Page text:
Unquestionably, the signal political development of the last 24 hours has been the coalescing of a consensus view among elites that the federal response has been inadequate.
The images and the tone of the network TV coverage are problematic for the political leadership at all levels.
But the national media are focused -- fairly or not -- on the Washington response.
Even the Bush administration overnight stepped back from fully defending the quality of the effort, with White House aides telling at least one news organization that the president is angry over the slow response -- a sure sign that the administration realizes that it needs to "turn the page" on the perception that it hasn't done enough.
"The results are not acceptable," said President Bush to reporters before departing the White House for the region. He added that he was "looking forward to assure people that we'll get on top of this situation and we're going to help people that need help."
Clearly, Bush officials (and congressional Republicans) hope that today's Bush visit to the region and a stepped-up arrival of federal aid will erase memories of a slow start.
This is now political -- the 9/11 model of the parties coming together in national crisis is NOT happening here.
But without public opinion polls and in the midst of a summer holiday, the political class doesn't have a clear handle on what the public thinks. Still, they see the television pictures and they know there is trouble.
Some conservative voices have turned in whole or in part against the Bush effort:
The Washington Times, in a scathing editorial: "We're pleased [the president] finally caught a ride home from his vacation, but he risks losing the one trait his critics have never dented: His ability to lead, and be seen leading." (LINK)
The New York Post complains about the federal government's failure to restore order. (LINK)
Democrats to a person are substantively critical of the Bush response and "hopeful" that the perception of mishandling will hurt the president and the Republican Party politically. But most of them are still being publicly quiet.
The Washington Post gets two key exceptions, both Democratic senators up for re-election next year in states the president won twice:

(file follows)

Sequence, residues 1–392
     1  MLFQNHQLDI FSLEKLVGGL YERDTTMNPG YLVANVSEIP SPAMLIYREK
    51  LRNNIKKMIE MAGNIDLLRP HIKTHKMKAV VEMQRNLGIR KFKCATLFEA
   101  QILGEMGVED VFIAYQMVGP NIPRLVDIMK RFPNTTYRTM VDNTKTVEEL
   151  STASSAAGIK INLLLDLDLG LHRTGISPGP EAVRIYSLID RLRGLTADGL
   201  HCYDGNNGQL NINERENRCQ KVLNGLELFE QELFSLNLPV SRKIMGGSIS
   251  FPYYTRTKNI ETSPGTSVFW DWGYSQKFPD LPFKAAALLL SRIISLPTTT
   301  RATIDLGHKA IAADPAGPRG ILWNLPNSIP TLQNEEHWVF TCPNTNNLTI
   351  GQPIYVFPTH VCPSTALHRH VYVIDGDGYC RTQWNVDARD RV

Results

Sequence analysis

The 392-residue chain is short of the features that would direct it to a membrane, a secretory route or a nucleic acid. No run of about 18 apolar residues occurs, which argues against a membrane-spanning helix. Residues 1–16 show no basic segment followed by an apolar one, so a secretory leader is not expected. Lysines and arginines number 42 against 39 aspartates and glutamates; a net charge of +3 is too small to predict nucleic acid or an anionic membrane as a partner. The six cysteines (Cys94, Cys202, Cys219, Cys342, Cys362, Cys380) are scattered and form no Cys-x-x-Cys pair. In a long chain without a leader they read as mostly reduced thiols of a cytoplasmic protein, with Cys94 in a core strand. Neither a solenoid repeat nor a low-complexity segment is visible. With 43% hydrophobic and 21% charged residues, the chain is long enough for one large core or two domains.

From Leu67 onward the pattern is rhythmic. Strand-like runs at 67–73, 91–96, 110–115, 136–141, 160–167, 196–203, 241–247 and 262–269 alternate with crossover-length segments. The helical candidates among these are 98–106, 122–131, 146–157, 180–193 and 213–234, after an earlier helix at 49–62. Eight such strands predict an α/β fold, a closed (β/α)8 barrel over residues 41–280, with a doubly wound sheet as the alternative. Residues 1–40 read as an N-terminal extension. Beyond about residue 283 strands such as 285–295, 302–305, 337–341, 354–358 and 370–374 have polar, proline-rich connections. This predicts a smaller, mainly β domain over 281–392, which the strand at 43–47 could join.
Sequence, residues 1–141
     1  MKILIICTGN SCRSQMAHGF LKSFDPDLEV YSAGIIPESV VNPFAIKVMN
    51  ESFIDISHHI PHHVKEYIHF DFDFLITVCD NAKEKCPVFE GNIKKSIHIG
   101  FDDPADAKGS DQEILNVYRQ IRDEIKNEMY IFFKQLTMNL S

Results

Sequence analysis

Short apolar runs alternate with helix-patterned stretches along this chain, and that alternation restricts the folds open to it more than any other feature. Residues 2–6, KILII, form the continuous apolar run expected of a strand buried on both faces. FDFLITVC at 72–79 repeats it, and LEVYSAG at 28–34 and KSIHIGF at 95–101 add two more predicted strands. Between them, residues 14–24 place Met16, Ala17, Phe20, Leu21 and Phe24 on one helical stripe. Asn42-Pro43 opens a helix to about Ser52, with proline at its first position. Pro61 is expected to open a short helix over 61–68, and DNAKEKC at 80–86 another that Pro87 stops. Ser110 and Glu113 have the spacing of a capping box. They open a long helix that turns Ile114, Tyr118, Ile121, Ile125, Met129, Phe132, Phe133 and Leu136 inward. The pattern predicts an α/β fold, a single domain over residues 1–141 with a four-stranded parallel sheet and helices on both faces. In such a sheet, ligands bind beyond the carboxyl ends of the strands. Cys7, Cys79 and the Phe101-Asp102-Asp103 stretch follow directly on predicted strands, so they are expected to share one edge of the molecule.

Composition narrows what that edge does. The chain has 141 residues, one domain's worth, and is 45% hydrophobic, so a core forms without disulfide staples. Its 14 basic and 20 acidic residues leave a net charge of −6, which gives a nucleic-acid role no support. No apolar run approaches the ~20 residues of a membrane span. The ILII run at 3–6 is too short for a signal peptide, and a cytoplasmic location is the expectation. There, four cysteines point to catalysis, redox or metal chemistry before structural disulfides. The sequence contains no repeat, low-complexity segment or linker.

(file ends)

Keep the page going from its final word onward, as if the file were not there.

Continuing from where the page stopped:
" 'It is hard to say, but it is true: There was a failure by [Bush] to meet the responsibility here,' said Sen. Kent Conrad, D-N.D. 'Somebody needs to say it.' "
"Is the National Guard 'depleted because so many Guard are in Iraq that we don't have the opportunity to activate civil control?' asked Sen. Bill Nelson, D-Fla. 'That question has to be asked.' " (LINK)
The New York Times gets a Bush official to push back politically:
"White House officials, already sensitive that Mr. Bush is suffering the lowest approval ratings of his presidency and under pressure to manage a catastrophe of what they called biblical proportions, reacted with frustration."
"'Seventy-two hours into this, to be openly posturing about this, to be attacking the president, is not only despicable and wrong, it's not politically smart,' said one White House official who asked not to be named because he did not want to be seen as talking about the crisis in political terms. 'Normal people at home understand that it's not the president who's responsible for this, it's the hurricane. This will get better, hour by hour and day by day.'" (LINK)
The Democratic National Committee's summer meeting, which was supposed to start next week, has been indefinitely postponed.
The Appropriations Process
From the Los Angeles Times: "Congressional aides familiar with the appropriations process said there would probably be another injection of funds for immediate relief efforts in two or three weeks, followed by a massive reconstruction aid package once the damage is calculated."
"With the cost of reconstruction expected to far exceed the $14 billion the federal government spent in Florida last year after a series of hurricanes, some congressional analysts were predicting that Bush's efforts to curb federal spending and overhaul Social Security would be dashed." (LINK)
The Wall Street Journal says: "Senate Appropriations staffers warn business lobbyists are maneuvering to tack on special-interest amendments."
This is very key:
From the Los Angeles Times: "This is a serious matter that calls into question all sorts of things," said Steve Bell, chief of staff to Sen. Pete V. Domenici, R-N.M., chairman of a subcommittee that will handle much of the relief funding. "Do you think we're going to be able to pass substantial Medicaid cuts and Social Security reform in the middle of this? You can't put that much on the plate."
Impacting the congressional agenda: So far, Republicans are saying that the Roberts hearings and the estate/death tax vote in the Senate are both on target for Tuesday. Democrats, having gotten the special session, are still not so sure those won't change.